• the format that many Bollywood films use (with constant allusions to mythical/religious tropes) has allowed for its growing popularity in Nigeria, despite linguistic/cultural differences
    • Nandy argues, in terms as relevant for Nigerians as they are for Indians, that Indian films are successful with Indian masses because despite their spectacle and rich settings they are based in a moral universe of action that is grounded in a traditional world view” (413)
    • mid 1970s shift of Indian filmic style/music to reflect more cosmopolitanism and Westernization was paralleled with Nigerian industrial shifts related to oil production; time of struggle in relation to how Nigerian viewers identified with Bollywood
  • Imagination, Narrative, and Social Change
    • especially in relation to the institution of marriage, Indian films have provided an escape/fantasy for Hausa, who have similar wedding traditions; film allows people to grapple with real issues in an acceptable form
  • Youth and Marriage in Contemporary Kano
    • industrial shifts in Nigeria have led to a growing resistance among Hausa youth involving customs of marriage
    • Hausa books (soyayya) and Bollywood films have long explored the possibility of romantic fantasies
    • “Indian films [succeeded] only by engaging with issues that were meaningful to Hausa viewers yet at the same time providing enough of a difference for alternative resolutions to be possible…[revealing] the intertextual presence of Indian films” (418)
  • Market Literature in the Vernacular: The Rise of SOYAYYA Books
    • littatafan soyayya = love stories; first came about from Kano, a cultural center in northern Nigeria; mostly target youth with content and themes of love
    • seen as a social movement to counter many existing restrictions involving marriage, especially as enforced on young Hausa women
    • Larkin mentions “the complicated ways in which transnational media flows become incorporated into individual experience and affect larger social constructions such as gender” (423-424)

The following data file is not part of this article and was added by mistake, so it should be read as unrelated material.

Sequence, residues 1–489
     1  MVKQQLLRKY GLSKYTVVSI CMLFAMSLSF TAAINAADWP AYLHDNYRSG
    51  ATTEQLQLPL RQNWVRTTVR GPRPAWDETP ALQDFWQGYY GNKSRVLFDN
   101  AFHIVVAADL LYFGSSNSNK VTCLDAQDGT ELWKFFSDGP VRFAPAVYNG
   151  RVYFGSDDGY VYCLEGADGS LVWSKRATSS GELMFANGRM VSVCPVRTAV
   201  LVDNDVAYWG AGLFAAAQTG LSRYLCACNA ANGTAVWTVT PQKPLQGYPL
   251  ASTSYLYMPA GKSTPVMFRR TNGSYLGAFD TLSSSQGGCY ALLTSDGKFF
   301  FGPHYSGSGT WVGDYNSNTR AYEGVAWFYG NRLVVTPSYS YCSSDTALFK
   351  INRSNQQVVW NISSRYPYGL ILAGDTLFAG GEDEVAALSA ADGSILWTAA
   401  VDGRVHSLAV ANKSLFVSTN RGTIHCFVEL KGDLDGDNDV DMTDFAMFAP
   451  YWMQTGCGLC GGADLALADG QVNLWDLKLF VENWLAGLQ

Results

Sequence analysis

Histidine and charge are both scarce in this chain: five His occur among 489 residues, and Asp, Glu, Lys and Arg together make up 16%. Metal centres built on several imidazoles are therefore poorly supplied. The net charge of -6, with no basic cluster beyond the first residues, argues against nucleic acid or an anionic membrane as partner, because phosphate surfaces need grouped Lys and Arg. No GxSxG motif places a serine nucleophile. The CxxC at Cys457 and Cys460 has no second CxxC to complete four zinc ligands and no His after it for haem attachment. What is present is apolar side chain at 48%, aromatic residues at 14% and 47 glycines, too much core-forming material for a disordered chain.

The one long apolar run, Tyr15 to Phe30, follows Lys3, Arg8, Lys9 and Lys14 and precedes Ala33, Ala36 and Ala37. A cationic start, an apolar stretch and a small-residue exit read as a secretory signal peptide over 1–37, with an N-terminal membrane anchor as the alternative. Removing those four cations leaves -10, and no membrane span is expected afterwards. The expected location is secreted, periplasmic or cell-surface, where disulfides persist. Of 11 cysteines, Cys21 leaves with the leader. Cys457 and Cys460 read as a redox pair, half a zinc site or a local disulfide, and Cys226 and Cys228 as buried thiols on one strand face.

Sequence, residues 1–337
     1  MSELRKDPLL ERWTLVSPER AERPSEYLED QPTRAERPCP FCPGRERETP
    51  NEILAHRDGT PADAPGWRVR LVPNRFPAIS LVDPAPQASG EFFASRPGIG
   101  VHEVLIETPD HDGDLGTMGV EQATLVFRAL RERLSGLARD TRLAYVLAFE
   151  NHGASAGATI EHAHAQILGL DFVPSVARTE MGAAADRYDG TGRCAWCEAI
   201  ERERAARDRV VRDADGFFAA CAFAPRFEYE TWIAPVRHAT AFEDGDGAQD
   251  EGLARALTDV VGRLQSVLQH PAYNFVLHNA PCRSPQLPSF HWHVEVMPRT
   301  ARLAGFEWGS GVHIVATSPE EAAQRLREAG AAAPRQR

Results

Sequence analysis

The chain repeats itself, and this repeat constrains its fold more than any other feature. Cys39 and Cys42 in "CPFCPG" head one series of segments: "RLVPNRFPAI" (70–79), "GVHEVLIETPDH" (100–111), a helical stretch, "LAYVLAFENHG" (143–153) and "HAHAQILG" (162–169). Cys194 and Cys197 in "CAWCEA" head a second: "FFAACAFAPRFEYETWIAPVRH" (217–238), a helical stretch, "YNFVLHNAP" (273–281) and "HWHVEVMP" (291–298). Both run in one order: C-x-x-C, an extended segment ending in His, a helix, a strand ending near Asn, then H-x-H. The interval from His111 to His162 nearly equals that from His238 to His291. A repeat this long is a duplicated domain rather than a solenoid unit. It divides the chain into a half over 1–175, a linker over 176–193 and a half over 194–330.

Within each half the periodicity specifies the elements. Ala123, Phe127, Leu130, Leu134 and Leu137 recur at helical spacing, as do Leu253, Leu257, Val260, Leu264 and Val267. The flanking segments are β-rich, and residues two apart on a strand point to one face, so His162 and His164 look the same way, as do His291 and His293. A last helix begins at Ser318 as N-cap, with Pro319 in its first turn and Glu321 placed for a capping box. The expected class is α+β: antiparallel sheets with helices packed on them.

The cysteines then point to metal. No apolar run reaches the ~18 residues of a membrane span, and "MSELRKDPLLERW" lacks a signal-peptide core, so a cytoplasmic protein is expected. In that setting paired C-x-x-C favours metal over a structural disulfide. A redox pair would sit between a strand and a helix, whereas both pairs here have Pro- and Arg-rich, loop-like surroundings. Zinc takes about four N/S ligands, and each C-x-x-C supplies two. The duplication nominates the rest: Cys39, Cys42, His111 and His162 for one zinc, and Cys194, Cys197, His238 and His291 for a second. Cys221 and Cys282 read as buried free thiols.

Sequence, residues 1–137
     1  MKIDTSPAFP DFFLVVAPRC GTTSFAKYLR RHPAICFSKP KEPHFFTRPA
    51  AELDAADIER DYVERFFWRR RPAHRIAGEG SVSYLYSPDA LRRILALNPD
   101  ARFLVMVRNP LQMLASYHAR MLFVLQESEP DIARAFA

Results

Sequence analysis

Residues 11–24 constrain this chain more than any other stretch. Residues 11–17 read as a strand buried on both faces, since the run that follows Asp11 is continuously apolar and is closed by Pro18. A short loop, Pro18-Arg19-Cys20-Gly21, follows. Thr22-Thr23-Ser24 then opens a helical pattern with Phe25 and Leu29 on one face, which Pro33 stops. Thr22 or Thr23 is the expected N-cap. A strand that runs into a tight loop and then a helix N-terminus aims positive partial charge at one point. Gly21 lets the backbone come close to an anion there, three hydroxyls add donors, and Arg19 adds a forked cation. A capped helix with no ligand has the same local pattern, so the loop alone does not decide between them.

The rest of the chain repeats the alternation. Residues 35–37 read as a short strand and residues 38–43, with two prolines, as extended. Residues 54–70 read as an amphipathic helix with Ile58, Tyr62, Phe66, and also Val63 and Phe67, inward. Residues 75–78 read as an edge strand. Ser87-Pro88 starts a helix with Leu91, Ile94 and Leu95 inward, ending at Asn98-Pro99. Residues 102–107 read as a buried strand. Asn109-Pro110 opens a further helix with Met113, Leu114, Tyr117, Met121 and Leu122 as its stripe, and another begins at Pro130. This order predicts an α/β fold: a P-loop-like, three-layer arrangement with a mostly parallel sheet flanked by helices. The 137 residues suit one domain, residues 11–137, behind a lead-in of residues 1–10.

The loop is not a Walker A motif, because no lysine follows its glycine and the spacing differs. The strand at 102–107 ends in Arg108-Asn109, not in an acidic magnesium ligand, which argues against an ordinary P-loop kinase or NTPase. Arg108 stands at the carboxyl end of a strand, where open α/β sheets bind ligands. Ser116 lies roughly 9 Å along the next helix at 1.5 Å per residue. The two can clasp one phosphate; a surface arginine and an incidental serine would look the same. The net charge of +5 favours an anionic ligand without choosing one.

• quick summary of two soyayya books (p425); many soyayya books serve to put a rebellious spin on existing Hausa traditions/attitudes; very melodramatic/sensational; they often show intergenerational conflicts revolving around ideas of modernity and tradition (very similar to Bollywood tropes)
    • “the mass culture of soyayya books and Indian films develops the process of ambiguity by presenting various resolutions of similar predicaments in thousands of narratives extending over many years” (429)
  • Soyayya Books, Youth, and Social Change: The Controversy
    • these books have led to an evolution in the way that Hausa (mainly young women) approach situations of romance; these cultural productions have led to real social change in gender relations
  • Conclusion
    • important point by Larkin: “For Hausa viewers, Indian films have been situated in cultural space that sands outside the binary distinctions between tradition and modernity, Africa and the West, resistance and domination. The images of modernity they offer are mediated through a concern for maintaining traditional social relations and so they run parallel to, similar yet different from, the modernity offered by Westernization” (433)
    • yet reductionism by many scholars historically has led to a lack of acknowledgment of this significant cultural interplay between India and Nigeria
    • “Indian films are popular because they provide a parallel modernity, a way of imaginatively engaging with the changing social basis of contemporary life that is an alternative to the pervasive influence of a secular West” (434)

Article: “Cine-Patriotism” (Sethi)

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“Cine-Patriotism” by Manisha Sethi, found listed in Ch 7 GB

  • idea of Bollywood reinventing India’s history in a more glorifying way; much more implications when these films/messages are being shared worldwide to a very diverse set of audiences
  • how the Indian hero in many ultra-nationalist Bollywood movies ends up representing the nation in a very violent and masculine way; deliberately confuses real political action and aggressiveness
  • in this way, various aspects of Indian history have become very sensationalized
  • and yet the nation is simultaneously symbolized as being feminine and needing to be saved by the hero
  • even though this genre of Bollywood films isn’t nearly as popular in recent years, it is still important to consider how this category spreads a certain idea of India both in the country and around the world, and how different audiences will interpret these representations in various ways